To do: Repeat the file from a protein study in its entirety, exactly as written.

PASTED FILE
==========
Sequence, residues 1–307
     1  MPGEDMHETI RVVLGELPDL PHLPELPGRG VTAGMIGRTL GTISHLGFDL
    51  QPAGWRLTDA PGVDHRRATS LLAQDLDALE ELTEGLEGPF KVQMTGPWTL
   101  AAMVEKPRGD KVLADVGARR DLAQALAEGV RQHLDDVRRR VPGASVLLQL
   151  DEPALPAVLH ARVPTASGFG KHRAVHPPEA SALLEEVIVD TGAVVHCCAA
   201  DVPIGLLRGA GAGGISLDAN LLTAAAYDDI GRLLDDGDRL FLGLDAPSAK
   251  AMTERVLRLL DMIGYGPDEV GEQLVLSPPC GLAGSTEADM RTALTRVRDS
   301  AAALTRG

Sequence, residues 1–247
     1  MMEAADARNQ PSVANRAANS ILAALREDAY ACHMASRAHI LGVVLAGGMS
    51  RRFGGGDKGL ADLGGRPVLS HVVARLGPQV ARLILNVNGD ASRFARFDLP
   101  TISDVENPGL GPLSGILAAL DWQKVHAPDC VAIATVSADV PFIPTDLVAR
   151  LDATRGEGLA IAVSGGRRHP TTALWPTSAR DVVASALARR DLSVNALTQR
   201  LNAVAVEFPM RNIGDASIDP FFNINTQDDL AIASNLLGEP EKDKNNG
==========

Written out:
Sequence, residues 1–307
     1  MPGEDMHETI RVVLGELPDL PHLPELPGRG VTAGMIGRTL GTISHLGFDL
    51  QPAGWRLTDA PGVDHRRATS LLAQDLDALE ELTEGLEGPF KVQMTGPWTL
   101  AAMVEKPRGD KVLADVGARR DLAQALAEGV RQHLDDVRRR VPGASVLLQL
   151  DEPALPAVLH ARVPTASGFG KHRAVHPPEA SALLEEVIVD TGAVVHCCAA
   201  DVPIGLLRGA GAGGISLDAN LLTAAAYDDI GRLLDDGDRL FLGLDAPSAK
   251  AMTERVLRLL DMIGYGPDEV GEQLVLSPPC GLAGSTEADM RTALTRVRDS
   301  AAALTRG

Sequence, residues 1–247
     1  MMEAADARNQ PSVANRAANS ILAALREDAY ACHMASRAHI LGVVLAGGMS
    51  RRFGGGDKGL ADLGGRPVLS HVVARLGPQV ARLILNVNGD ASRFARFDLP
   101  TISDVENPGL GPLSGILAAL DWQKVHAPDC VAIATVSADV PFIPTDLVAR
   151  LDATRGEGLA IAVSGGRRHP TTALWPTSAR DVVASALARR DLSVNALTQR
   201  LNAVAVEFPM RNIGDASIDP FFNINTQDDL AIASNLLGEP EKDKNNG